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A box contains $n$ blue balls, 5 red balls and 6 purple balls. Four balls are drawn from the box without replacement.

  1. What value of $n$ would maximize the probability of the following result? $$ (\text{purple}, \text{blue}, \text{purple}, \text{red}) $$ i.e., the first ball is purple, the second ball is blue, the third ball is purple, and last ball is red.
  2. Suppose that instead we have $P(n= 6) =\frac{1}{3}$ and $P(n= 7) =\frac{2}{3}$. Given the result in (1), what is the probability that $n= 6$?

For (1): $$ \frac{\mathrm{d}}{\mathrm{d}n} \left[ \frac{6}{n+11} \cdot \frac{n}{n+10} \cdot \frac{5}{n+9} \cdot \frac{5}{n+8} \right]=0 $$

I got $n\approx 3.13\approx 3$. I'm not sure about (2)

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    $\begingroup$ So have you any thoughts at all? $\endgroup$ – Graham Kemp Oct 31 '16 at 0:54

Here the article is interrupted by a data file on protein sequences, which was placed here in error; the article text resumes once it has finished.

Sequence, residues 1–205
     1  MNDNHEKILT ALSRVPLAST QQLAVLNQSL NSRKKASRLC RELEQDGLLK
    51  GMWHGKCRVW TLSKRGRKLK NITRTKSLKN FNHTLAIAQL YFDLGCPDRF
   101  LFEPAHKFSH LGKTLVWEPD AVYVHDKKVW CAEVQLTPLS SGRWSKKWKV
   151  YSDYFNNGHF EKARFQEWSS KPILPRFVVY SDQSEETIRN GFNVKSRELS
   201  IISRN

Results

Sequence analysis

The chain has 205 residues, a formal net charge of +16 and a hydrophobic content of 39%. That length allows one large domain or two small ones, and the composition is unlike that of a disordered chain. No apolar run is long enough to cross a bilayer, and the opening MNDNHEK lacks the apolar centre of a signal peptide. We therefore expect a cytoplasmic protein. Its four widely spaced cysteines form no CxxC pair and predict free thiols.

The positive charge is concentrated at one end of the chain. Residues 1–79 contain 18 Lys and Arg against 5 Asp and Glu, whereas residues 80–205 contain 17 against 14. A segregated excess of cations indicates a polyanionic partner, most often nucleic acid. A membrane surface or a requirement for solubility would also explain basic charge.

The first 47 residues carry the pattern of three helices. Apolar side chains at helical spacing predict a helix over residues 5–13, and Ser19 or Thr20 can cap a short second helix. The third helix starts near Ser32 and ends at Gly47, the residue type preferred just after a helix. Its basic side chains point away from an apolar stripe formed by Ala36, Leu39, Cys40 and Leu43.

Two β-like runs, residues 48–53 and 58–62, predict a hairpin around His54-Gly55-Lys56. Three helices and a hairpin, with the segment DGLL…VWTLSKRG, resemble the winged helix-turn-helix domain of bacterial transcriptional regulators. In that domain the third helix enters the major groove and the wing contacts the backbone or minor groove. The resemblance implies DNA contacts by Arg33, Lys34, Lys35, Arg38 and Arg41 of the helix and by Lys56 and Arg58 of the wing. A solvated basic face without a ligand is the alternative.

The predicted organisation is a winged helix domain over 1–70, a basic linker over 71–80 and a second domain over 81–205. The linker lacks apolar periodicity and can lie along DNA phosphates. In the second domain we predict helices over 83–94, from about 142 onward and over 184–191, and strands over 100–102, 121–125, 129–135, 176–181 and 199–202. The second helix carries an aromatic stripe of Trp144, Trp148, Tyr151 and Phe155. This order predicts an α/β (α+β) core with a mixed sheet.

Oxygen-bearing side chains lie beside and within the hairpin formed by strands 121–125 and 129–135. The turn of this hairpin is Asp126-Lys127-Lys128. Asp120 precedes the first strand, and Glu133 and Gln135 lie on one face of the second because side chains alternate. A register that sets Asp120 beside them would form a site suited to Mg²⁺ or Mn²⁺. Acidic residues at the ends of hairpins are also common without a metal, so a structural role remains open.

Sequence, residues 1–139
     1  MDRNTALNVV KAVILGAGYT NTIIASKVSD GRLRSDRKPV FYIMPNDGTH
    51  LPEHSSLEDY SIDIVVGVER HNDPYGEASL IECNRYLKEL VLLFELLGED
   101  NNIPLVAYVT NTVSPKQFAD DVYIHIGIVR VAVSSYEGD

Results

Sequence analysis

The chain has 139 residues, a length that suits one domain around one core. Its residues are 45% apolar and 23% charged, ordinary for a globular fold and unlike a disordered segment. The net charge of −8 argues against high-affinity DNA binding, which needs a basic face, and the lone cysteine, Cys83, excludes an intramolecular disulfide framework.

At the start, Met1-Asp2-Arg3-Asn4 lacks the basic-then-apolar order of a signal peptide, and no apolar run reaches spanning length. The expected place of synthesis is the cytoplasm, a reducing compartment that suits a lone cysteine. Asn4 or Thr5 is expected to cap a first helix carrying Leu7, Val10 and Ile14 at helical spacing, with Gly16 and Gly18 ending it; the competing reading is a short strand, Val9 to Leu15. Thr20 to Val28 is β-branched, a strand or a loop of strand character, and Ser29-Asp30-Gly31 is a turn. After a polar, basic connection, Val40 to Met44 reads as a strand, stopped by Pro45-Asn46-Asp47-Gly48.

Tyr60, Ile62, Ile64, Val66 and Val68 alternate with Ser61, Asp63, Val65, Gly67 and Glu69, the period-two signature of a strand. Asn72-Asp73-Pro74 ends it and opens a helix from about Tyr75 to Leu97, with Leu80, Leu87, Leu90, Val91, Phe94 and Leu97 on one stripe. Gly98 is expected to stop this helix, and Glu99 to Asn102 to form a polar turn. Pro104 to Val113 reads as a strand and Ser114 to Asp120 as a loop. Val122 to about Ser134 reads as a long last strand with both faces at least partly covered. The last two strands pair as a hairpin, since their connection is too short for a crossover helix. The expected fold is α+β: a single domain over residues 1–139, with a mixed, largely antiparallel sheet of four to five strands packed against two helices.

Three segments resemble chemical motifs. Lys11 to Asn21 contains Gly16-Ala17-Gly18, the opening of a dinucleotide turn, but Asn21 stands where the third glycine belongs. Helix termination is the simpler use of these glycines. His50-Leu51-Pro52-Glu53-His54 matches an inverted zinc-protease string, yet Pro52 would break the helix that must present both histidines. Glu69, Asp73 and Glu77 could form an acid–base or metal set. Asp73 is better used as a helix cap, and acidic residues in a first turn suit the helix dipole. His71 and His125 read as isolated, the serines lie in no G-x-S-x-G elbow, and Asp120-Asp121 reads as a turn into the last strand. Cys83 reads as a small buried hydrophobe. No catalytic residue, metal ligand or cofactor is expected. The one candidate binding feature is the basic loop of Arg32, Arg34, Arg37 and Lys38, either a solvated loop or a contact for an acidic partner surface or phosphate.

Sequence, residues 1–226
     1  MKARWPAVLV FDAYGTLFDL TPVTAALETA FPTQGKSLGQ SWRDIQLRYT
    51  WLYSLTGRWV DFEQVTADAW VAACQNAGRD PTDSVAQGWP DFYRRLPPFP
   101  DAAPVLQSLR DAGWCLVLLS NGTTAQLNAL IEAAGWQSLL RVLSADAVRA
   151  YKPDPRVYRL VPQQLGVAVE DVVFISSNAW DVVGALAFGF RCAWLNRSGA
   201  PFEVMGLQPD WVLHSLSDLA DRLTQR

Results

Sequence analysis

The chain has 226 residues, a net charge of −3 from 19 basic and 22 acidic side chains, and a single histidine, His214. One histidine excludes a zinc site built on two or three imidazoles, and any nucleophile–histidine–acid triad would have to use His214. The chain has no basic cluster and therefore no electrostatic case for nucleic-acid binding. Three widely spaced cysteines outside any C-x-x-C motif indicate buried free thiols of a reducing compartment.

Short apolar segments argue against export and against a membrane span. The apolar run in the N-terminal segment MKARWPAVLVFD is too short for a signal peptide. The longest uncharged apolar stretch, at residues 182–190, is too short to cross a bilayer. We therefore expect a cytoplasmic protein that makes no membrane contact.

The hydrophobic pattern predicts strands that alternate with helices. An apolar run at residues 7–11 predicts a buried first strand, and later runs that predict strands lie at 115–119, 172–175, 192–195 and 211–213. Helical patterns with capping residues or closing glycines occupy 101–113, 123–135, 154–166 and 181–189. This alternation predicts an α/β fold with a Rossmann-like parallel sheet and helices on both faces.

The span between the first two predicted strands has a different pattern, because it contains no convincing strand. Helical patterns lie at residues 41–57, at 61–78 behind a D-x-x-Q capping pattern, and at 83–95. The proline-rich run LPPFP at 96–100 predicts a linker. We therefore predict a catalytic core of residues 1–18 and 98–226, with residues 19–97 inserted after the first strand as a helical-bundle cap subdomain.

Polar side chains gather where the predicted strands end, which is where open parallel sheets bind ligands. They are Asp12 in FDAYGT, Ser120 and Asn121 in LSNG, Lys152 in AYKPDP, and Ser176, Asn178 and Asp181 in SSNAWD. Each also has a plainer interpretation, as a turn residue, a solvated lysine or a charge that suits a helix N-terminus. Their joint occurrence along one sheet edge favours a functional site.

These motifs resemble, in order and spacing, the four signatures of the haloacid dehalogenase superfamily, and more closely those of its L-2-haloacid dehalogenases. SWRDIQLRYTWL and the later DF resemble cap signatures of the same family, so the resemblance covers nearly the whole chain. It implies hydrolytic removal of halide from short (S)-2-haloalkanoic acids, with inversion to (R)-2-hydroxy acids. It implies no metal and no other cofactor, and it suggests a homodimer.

• $\begingroup$ Yes! I added it in the post $\endgroup$ – MathLearner1 Oct 31 '16 at 1:02
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I) Yes, that looks okay. Letting $R$ be the result of $[\color{purple}\bullet\color{blue}\bullet\color{purple}\bullet\color{red}\bullet]$, and $N$ be the count of blue balls, then you have $$\mathsf P(R\mid N=n)=\frac{6\cdot n\cdot 5\cdot 5}{(n+11)(n+10)(n+9)(n+8)}$$

Treating this as a function of $n$ you found the maximum value to be at the lone positive root of the derivative, $n\approx3.1335$ .

II) For this you are given a distribution for $N$; $\mathsf P(N=6)=\tfrac 13, \mathsf P(N=7)=\tfrac 23$

Now, find $\mathsf P(N=6\mid R)$ using Bayes' Rule and the Law of Total Probability.

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